1970s Earth Toned Color Trends
In 1970, earth tones graced our culture, including:
- Coffee Bean
Bye, Bye, Psychedelic ’60s & Hello Earthy ’70s
Color trends in art and design the 1970s moved from poppy colors to more sedated earth tones. In contrast to the vibrant colors of the ’60s, the ’70s turned to nature for inspiration, embracing browns, greens, and earthy reds and yellows. Check out this example of photography by John Baldessari from 1973.
This isn’t to say that colors used in art and design during this time were drab.
Design Trends 1970: Cornel Brudaşcu, Peter Saul, Gutai (Atsuko Tanaka)
Cornel Brudaşcu worked with energetic color choices, but balanced those colors with deeper, more somber shades. The colors used in Composition are reminiscent of those used by Warhol in his Marilyn works. Brudaşcu takes leave of Pop Art’s clean lines and diffuses his outlines and shapes to create a less distinct, more blurry image.
Peter Saul makes a statement about culture in the work SHICAGO JUSTUS. He uses avocado green next to a warm chestnut edged in black. We also see the classic red, yellow, and blue color theme in this work.
“I know it’s a bit of an awful thing to say, but I really just make things up. My main goal is to make a picture that people find interesting to look at and that has my name on it.”
Atsuko Tanaka was part of the Gutai movement, and was known as a pioneering Japanese avant-garde artist. She uses dark earth tones (avocado, mustard, burnt umber) in her painting, Work. Like Alexander Calder, the Gutai movement used color, medium, and shapes to create beauty and movement.
The following excerpt is from an interesting article titled, The Gutai Group Movement, written by The Art Story:
“The word ‘gutai’ translates as ‘concreteness’, and it articulates one of the Gutai group’s most distinctive traits – their desire to physically engage with an extraordinary range of materials. The name also anticipated their investigations into the reciprocal connection between matter (paint, chemicals, tar, mud, water) and physical action (breaking, exploding, tearing, dripping). They wanted to create a new kind of art that explored the relationship between the human spirit and material, works that luxuriated in “the scream of matter.””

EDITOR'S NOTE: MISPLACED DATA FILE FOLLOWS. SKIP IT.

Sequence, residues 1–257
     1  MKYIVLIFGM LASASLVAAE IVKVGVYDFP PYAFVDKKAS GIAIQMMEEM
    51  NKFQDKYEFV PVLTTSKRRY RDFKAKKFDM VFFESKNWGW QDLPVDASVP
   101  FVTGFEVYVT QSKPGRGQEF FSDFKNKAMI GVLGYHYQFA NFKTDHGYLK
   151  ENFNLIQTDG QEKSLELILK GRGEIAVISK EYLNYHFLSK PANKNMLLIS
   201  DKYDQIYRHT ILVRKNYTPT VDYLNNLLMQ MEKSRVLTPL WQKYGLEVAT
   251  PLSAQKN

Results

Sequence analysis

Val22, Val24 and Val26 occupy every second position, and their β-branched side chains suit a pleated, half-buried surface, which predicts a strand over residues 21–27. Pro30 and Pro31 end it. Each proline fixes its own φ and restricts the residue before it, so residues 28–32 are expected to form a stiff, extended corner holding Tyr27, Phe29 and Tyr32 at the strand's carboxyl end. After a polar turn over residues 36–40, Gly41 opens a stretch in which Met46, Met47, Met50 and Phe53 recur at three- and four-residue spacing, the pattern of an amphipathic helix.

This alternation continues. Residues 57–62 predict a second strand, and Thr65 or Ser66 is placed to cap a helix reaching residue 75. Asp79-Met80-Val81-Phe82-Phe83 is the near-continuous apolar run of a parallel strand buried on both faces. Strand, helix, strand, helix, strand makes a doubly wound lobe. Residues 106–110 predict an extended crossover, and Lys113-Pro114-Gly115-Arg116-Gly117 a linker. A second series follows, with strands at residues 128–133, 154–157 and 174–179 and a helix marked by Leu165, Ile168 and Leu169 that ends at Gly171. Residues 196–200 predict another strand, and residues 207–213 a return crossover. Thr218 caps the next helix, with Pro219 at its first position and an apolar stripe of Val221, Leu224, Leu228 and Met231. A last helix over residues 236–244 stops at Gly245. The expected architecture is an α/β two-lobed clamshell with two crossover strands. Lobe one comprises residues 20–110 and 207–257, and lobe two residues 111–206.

This type of artwork takes experience to another level. Experience, as modern web designers know, is key to good web design. Pioneering works such as those above pave the way for User Experience Design.
’70s Inspired Website Design Trends: Gibeon
The video banner gives way to a super-seventies-inspired layout and color palette. Geometric shapes, a charcoal background, lots of white space, and minimalist photography really capture the essence of the ’70s.
’70s Inspired Website Design Trends: Sky Zone
Another delightful example of ’70s design love is displayed in the hyper-fun Sky Zone website:
’70s Inspired Website Design Trends: UZUZ
Here’s another corporate website from Japan that uses earthy ’70s-inspired colors in its design:
Explore design trends in the 1970s
Artist interview: Cornel Brudaşcu – Tate Art Museum
1980s Color Trends
Get ready to PARTY!! Grab those leg warmers, turn up Madonna, and let’s rock out to the ’80s!
This enthusiastic color palette centers on purples and pinks, like:
- Ribbon Red
Sedate ’70s Inspires Bright ’80s
The ’80s ushered in bold, happy colors, like those found on De La Soul’s album, 3 Feet and Rising, released in 1989. These colors were a departure from the more demure earthy colors from the ’70s.
Design Trends 1980: Haring, Kooning, Basquiat
Keith Haring uses black and white and red in the iconic 1988 painting, A Pile of Crowns, for Jean-Michel Basquiat.
“Art should be something that liberates your soul, provokes the imagination and encourages people to go further.” ― Keith Haring
Willem De Kooning once said, “The past does not influence me; I influence it.” Kooning painted in the style known as abstract expressionism or “action painting”.
His work below uses shape, density, color, and perspective to create movement.
Basquiat created street art in the ’80s. He expressed themes of contradiction, history, black culture, and society. He uses a cool aqua color in this example of his artwork:
’80s Web Design Inspiration: Stroom